Even for university student Hilda Mahaditya Rizky, Rp 200 per bag will not be enough incentive for bringing bags from home. Although she supports the plan, she said she would likely still use plastic bags from the shops as she tended to shop spontaneously.
'I often go to a shopping mall just to hang out with some friends but I eventually come home with some new shoes or clothes. At a moment like that, I usually do not bring along any shopping bags so I use plastic bags from the stores,' Hilda said.
Social and environment activist Adi Wibowo from LabTanya, said residents could easily reduce plastic bag consumption by managing their personal consumer behavior by preparing what they needed before shopping, instead of shopping spontaneously.
He expressed his concern about the low plastic bag tax, which he sees as ineffective in encouraging the public to reduce plastic bag consumption.
Separately, employee Rahmat Danianto, 28, said Rp 200 would not make the program successful.
He said for the program to become effective, a tax of between Rp 1,000 and Rp 5,000 would be better.
'I think people will still use plastic bags as they find them cheap. For instance, if they need 10 plastic bags, they only have to pay Rp 2,000. That's not a big deal,' Rahmat said.
Tiza of the DKP said 80 percent of respondents to the institution's survey supported the program and expressed their readiness to bring their own bags when shopping.
The survey also showed that the ideal price of plastic bags was between Rp 500 and Rp 2,000.
'However, it may vary in accordance with how much each city is willing to pay,' she said, adding that the respondents also hoped that the money from the selling of plastic bags would be used for corporate social responsibility (CSR) schemes.
There is no clear regulation on where the money will go and no implementing city administration has yet issued a specific regulation on the new tax. The ministry has recommended each city issue their own regulation on the plastic bag tax.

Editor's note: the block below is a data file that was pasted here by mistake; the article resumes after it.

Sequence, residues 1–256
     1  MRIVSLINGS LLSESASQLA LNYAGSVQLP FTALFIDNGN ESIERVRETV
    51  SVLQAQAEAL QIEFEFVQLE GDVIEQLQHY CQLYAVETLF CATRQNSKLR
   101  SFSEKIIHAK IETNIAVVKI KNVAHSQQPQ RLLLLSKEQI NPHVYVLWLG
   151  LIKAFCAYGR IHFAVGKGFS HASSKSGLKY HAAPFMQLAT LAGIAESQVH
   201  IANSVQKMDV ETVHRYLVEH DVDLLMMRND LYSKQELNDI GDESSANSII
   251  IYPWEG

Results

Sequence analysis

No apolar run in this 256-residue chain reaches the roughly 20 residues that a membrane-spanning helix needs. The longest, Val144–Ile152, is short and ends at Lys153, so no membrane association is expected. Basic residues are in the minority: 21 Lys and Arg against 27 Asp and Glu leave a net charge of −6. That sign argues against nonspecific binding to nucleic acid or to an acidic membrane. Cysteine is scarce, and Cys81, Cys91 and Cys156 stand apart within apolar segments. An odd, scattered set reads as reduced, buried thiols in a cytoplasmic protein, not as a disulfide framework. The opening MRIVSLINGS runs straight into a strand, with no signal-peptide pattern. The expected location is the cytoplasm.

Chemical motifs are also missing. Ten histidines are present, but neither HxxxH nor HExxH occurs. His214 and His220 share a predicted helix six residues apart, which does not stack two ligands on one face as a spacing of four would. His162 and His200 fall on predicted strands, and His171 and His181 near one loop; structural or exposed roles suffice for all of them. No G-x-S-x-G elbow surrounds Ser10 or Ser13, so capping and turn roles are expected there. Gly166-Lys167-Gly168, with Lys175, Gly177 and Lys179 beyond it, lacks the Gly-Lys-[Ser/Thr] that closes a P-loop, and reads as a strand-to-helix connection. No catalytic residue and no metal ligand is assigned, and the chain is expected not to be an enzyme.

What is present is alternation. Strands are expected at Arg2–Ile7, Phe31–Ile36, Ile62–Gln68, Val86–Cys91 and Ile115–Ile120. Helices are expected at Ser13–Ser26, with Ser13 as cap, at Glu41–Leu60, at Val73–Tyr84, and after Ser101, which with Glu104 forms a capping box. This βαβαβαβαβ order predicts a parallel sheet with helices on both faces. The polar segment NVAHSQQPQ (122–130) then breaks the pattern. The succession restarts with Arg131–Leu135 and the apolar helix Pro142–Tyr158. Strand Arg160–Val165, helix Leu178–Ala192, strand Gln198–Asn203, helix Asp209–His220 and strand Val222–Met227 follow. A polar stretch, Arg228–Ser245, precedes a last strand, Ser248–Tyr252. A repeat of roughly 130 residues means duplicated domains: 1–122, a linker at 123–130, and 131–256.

Jakarta Sanitation Agency head Isnawa Adji said the administration would discuss the regulation more this week. Deputy Governor Djarot Saiful Hidayat said on Sunday he wanted to set the tax at Rp 5,000 per bag.
Aprindo, which has volunteered to be involved in trials, rejected the ministry's idea of letting cities decide on details for themselves.
'We think it needs regional regulation as plastic bags' status is the same as any other item offered in the retail markets. The mechanism, therefore, should be left for the authorities of the markets,' Aprindo deputy chairman Tutum Rahanta said, adding that members of Aprindo would charge for plastic bags the price agreed on in the meeting with the ministry. 'We suggest the government lets retailers decide on the price.'
Moreover, he said, different prices in each region would only create friction as well as unhealthy business competition among retailers ' particularly those which were at the border of two regions with different prices.
Tutum suggested the government extend the tax to traditional retailers as well. He quoted Nielsen data from 2015, which showed the market share of modern retailers in Indonesia was only 26 percent, the remainder belonging to traditional retailers.
Authorities from modern retailers like Hypermart, Trans Carrefour and Alfamart expressed similar concerns, saying that the government should also encourage traditional retailers to conserve the environment through the plastic bag tax.